Yanagihara (The People in the Trees, 2013) takes the still-bold leap of writing about characters who don’t share her background; in addition to being male, JB is African-American, Malcolm has a black father and white mother, Willem is white, and “Jude’s race was undetermined”—deserted at birth, he was raised in a monastery and had an unspeakably traumatic childhood that’s revealed slowly over the course of the book. Two of them are gay, one straight and one bisexual. There isn’t a single significant female character, and for a long novel, there isn’t much plot. There aren’t even many markers of what’s happening in the outside world; Jude moves to a loft in SoHo as a young man, but we don’t see the neighborhood change from gritty artists’ enclave to glitzy tourist destination. What we get instead is an intensely interior look at the friends’ psyches and relationships, and it’s utterly enthralling. The four men think about work and creativity and success and failure; they cook for each other, compete with each other and jostle for each other’s affection. JB bases his entire artistic career on painting portraits of his friends, while Malcolm takes care of them by designing their apartments and houses. When Jude, as an adult, is adopted by his favorite Harvard law professor, his friends join him for Thanksgiving in Cambridge every year. And when Willem becomes a movie star, they all bask in his glow. Eventually, the tone darkens and the story narrows to focus on Jude as the pain of his past cuts deep into his carefully constructed life.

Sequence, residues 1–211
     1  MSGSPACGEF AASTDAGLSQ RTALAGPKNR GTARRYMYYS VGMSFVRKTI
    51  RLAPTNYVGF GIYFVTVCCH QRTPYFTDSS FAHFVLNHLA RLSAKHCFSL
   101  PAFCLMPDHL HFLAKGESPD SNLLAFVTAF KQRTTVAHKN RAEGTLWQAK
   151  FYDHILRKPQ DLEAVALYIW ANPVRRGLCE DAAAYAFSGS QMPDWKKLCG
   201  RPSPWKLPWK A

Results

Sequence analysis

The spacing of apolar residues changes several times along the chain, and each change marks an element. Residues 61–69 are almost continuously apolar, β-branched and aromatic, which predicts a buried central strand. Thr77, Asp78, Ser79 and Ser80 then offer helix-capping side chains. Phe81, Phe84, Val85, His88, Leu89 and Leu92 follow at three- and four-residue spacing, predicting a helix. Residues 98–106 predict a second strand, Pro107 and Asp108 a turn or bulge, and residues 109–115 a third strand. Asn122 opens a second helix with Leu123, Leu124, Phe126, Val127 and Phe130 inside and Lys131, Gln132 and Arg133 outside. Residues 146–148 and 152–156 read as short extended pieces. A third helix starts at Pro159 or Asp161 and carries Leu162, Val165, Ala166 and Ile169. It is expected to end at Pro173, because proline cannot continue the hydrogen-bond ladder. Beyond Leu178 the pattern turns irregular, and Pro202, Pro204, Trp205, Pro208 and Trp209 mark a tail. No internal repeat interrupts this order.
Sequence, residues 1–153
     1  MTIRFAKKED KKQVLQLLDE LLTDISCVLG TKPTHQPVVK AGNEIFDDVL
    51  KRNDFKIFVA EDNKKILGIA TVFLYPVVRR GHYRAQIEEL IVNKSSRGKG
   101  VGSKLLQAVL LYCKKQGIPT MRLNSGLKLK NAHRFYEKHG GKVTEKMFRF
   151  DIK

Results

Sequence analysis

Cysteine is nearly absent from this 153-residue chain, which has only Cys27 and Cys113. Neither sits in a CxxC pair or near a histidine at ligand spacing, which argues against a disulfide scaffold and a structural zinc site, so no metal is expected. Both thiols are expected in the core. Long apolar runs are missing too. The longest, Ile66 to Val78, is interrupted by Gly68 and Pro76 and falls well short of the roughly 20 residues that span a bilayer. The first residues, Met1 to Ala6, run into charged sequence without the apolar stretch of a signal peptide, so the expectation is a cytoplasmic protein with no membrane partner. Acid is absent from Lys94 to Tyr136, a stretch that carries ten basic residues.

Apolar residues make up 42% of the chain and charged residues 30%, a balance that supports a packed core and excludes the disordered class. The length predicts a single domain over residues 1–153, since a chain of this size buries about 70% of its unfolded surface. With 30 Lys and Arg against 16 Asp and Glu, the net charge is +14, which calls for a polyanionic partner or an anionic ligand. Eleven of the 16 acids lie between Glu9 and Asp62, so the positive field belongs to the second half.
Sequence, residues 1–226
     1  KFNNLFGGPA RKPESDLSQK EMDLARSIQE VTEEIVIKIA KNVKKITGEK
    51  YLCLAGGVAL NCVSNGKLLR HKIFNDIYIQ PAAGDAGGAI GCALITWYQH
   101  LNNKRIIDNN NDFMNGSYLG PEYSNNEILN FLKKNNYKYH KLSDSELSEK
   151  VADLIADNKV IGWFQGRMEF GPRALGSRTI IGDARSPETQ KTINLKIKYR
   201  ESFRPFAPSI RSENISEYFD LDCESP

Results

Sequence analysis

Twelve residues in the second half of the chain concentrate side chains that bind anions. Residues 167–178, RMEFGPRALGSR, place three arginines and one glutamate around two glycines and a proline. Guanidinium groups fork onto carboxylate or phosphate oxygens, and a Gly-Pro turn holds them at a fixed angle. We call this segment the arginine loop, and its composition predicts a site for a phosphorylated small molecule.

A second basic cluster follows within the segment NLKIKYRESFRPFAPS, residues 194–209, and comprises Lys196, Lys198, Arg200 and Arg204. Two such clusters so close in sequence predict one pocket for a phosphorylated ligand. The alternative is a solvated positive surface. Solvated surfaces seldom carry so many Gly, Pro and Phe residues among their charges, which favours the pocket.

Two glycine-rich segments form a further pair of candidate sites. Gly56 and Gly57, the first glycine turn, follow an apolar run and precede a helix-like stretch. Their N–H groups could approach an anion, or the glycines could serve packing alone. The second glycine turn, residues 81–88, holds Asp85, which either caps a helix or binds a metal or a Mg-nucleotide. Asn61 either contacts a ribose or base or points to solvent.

The phrase “tour de force” could have been invented for this audacious novel.

Pub Date: March 10, 2015

ISBN: 978-0-385-53925-8

Page Count: 720

Publisher: Doubleday

Review Posted Online: Dec. 22, 2014

Kirkus Reviews Issue: Jan. 1, 2015

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Debut novel by hip-hop rap artist Sister Souljah, whose No Disrespect (1994), which mixes sexual history with political diatribe, is popular in schools country-wide. In its way, this is a tour de force of black English and underworld slang, as finely tuned to its heroine’s voice as Alice Walker’s The Color Purple. The subject matter, though, has a certain flashiness, like a black Godfather family saga, and the heroine’s eventual fall develops only glancingly from her character. Born to a 14-year-old mother during one of New York’s worst snowstorms, Winter Santiaga is the teenaged daughter of Ricky Santiaga, Brooklyn’s top drug dealer, who lives like an Arab prince and treats his wife and four daughters like a queen and her princesses. Winter lost her virginity at 12 and now focuses unwaveringly on varieties of adolescent self-indulgence: sex and sugar-daddies, clothes, and getting her own way. She uses school only as a stepping-stone for getting out of the house—after all, nobody’s paying her to go there. But if there’s no money in it, why go? Meanwhile, Daddy decides it’s time to move out of Brooklyn to truly fancy digs on Long Island, though this places him in the discomfiting position of not being absolutely hands-on with his dealers; and sure enough the rise of some young Turks leads to his arrest. Then he does something really stupid: he murders his wife’s two weak brothers in jail with him on Riker’s Island and gets two consecutive life sentences. Winter’s then on her own, especially with Bullet, who may have replaced her dad as top hood, though when she selfishly fails to help her pregnant buddy Simone, there’s worse—much worse—to come. Thinness aside: riveting stuff, with language so frank it curls your hair. (Author tour)

Pub Date: April 1, 1999

ISBN: 0-671-02578-3

Page Count: 320

Publisher: Pocket

Review Posted Online: May 20, 2010

Kirkus Reviews Issue: Feb. 1, 1999